Retrospective data of maternal first trimester weight, height, and UAC were obtained from medical records. Maternal BMI was calculated based on maternal weight and height. UAC was defined as the circumference of the nondominant arm and measured at the midpoint between the acromion and olecranon processes. Infant birth weight, birth length, head circumference, abdominal circumference, placental weight, and placental volume were measured by the attending midwife within an hour after delivery. Data were analyzed using SPSS, version 20.0 (IBM Corp, USA). Descriptive statistics were presented as mean and standard deviation for data with normal distribution, and data without normal distribution were presented as median and minimum–maximum range. Spearman’s correlation and linear regression were performed to analyze bivariate and multivariate data.




There were 168 subjects having normal delivery in Budi Kemuliaan Hospital and Arifin Achmad Hospital, 34 of which were excluded due to incomplete data. A total of 134 subjects were included in this study.

Maternal characteristics and first trimester anthropometry are presented in Table 1. Maternal median BMI, body height, and UAC were 24 kg/m2, 156 cm, and 25 cm. Only 3.7% of the mothers were underweight during the first trimester, whereas 32% were overweight.


Table 1. Maternal, infant, placental characteristics and maternal anthropometry in the first trimester


The results of Spearman's correlation between variables were presented in Table 2. High maternal BMI and UAC were weakly correlated with high birth weight, birth length, head circumference, abdominal circumference, placental weight, and placental volume. In addition, high maternal height was also correlated with high birth weight and birth length, although it showed weak correlation.


Table 2. Correlation of maternal BMI, body height, and UAC with birth characteristics





Maternal nutritional intake during preconception and pregnancy affects fetal growth and placental metabolism, which can be reflected by the measured maternal BMI, body height, and UAC during the first trimester.8,9 This study showed that high maternal BMI and UAC were associated with high infant birth weight, birth length, head circumference, abdominal circumference, placental weight, and placental volume. High maternal body height was related to high infant birth weight and birth length. The correlation of these characteristics with UAC was more significant than that with BMI, implying that UAC was a reliable parameter for assessing the nutritional status of pregnant women and could be used to predict placental and infant sizes.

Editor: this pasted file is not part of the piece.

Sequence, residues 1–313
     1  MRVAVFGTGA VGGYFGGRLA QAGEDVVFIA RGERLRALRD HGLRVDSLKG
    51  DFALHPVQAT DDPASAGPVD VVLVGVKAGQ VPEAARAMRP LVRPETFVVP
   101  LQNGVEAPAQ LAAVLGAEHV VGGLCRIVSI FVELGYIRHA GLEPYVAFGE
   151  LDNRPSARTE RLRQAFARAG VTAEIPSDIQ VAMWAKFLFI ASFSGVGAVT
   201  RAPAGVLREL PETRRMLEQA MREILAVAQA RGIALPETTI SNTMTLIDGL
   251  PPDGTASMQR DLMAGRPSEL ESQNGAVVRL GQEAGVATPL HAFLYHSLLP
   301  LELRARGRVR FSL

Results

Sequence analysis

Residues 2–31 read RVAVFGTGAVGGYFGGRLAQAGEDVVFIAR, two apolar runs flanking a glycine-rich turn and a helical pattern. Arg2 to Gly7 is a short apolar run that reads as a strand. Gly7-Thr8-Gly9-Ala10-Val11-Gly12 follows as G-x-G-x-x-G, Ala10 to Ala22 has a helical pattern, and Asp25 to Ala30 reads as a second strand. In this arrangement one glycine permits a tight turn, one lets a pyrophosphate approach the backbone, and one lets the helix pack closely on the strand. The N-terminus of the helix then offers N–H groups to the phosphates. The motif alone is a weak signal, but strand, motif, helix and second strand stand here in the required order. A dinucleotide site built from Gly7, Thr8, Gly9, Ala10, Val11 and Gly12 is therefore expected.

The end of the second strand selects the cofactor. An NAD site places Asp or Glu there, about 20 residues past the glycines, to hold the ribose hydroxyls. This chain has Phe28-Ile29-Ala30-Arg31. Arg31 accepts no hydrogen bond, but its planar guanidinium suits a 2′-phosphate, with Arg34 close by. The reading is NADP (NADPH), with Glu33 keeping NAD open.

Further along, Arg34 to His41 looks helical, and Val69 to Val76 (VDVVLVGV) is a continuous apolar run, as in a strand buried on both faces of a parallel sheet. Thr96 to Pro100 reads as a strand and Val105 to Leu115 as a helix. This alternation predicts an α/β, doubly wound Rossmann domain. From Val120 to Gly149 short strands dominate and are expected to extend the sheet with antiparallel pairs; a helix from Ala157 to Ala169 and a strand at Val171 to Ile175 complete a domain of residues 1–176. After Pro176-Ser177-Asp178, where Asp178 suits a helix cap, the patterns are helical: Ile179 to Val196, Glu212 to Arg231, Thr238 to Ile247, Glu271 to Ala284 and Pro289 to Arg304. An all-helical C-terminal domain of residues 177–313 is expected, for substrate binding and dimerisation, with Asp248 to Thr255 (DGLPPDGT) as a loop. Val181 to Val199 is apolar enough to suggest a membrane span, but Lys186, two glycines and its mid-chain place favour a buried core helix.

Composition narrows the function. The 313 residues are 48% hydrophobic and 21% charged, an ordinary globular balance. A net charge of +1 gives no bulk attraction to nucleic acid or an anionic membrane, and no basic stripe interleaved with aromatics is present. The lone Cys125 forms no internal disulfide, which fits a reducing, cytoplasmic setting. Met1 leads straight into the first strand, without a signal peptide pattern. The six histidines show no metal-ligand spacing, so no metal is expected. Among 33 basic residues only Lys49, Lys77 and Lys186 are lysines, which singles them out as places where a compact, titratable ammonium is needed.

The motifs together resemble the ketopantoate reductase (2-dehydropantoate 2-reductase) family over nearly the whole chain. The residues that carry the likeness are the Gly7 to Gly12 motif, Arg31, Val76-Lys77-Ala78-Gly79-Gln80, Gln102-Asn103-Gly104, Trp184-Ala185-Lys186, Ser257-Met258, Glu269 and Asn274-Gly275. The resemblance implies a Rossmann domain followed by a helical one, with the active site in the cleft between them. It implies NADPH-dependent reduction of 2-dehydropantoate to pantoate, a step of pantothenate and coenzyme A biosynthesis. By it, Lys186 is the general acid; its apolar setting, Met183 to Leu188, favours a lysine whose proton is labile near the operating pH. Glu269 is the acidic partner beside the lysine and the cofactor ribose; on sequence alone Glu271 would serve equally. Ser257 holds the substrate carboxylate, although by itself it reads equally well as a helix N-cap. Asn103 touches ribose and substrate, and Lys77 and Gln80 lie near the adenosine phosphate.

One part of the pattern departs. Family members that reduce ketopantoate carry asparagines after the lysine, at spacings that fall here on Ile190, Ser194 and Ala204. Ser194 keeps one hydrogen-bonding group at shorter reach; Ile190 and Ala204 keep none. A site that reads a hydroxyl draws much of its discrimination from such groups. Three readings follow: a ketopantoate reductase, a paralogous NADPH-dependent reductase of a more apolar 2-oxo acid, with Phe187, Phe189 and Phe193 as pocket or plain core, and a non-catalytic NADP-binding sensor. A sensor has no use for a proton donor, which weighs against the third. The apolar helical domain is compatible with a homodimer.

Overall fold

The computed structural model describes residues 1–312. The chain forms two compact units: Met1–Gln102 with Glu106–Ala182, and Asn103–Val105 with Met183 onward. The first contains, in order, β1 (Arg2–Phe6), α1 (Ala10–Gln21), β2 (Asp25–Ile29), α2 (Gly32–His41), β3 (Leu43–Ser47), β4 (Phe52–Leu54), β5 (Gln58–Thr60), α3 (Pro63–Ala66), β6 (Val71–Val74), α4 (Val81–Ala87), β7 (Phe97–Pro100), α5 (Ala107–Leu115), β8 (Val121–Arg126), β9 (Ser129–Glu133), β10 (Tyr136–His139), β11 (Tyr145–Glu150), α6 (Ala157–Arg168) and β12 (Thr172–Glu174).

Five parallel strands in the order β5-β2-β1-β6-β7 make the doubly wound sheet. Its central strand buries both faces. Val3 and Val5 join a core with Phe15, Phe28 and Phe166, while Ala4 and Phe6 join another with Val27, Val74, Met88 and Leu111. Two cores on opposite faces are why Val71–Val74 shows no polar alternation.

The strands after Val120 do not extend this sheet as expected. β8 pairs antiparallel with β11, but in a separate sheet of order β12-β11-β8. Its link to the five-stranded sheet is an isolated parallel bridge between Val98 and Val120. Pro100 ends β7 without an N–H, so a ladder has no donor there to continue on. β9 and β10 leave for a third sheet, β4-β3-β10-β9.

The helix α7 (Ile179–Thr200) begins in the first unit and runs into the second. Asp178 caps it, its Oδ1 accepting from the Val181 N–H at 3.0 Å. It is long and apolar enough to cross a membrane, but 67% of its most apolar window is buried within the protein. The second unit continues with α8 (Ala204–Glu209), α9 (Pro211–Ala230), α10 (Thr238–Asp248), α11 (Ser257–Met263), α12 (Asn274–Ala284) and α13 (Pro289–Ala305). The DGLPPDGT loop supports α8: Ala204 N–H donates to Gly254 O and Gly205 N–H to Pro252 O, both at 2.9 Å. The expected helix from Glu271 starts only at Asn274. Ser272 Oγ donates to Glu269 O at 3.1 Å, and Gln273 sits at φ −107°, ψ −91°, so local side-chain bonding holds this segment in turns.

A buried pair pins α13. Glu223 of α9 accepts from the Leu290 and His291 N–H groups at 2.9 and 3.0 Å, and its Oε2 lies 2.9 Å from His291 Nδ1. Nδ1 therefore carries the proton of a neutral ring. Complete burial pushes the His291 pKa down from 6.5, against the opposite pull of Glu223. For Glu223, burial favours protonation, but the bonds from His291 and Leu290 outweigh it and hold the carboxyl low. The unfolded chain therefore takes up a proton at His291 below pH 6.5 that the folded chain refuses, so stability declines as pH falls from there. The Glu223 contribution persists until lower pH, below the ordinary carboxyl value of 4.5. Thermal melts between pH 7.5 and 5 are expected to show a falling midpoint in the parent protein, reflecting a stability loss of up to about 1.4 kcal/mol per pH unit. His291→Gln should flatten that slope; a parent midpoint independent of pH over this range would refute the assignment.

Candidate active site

UAC is used as a screening tool to assess malnutrition in children and adults. A low UAC (<23.5 cm) among pregnant women is associated with pregnancy complications such as low birth weight and preterm labor.¹⁰ Studies have stated that maternal UAC has a sensitivity of 92.1% and a sensitivity of 88.3% for the detection of maternal protein-energy malnutrition.¹¹ UAC can be used to examine the maternal nutritional status, which significantly affects fetal and placental growth, during preconception and pregnancy.⁹ Placental growth can be evaluated by measuring placental weight, which is a strong predictor of birth weight. Placental weight may indicate the placental capacity to transfer oxygen and nutrients to the fetus.¹²

UAC measurement is an easy and cheap modality that has been described since 1994 in several studies reporting the increased risk of preterm labor in pregnant women with a low UAC.¹⁰ Other studies have also shown that measured UAC is a predictor in assessing the nutritional deficiency and clinical condition of pregnant women.¹³ In Bangladesh, Gernand et al⁹ reported that maternal factors, including UAC are positively correlated with birth weight and placental mass. A similar result was observed in our study, which revealed that UAC was also positively correlated with neonatal anthropometry. This finding suggested that UAC might be used to assess nutritional status during pregnancy and predict placental and fetal sizes. However, the correlation between variables found in this study was weak, so other modalities should be considered to examine maternal nutritional status and newborn condition. The measurement of maternal plasma nutrient level is the most objective method to evaluate maternal macro- and micronutrient adequacy, but this method is costly and inaccessible nationwide. As such, it cannot be applied to a national level. The nature of UAC reflecting muscle mass is hindered in the presence of subcutaneous mass, whose distribution varies with genetics and age.¹⁴ This condition might explain the low correlation found in this study because only 3.7% of the subjects were underweight.

This study had several limitations, including bias attributed to secondary data and the absence of data about pregnancy-related maternal weight gain and maternal intake, which also affected placental and neonatal outcome. In conclusion, UAC can be reliably used to assess the nutritional status of pregnant women and to predict placental and newborn sizes.



Conflict of Interest

The authors affirm no conflict of interest in this study.





Funding Sources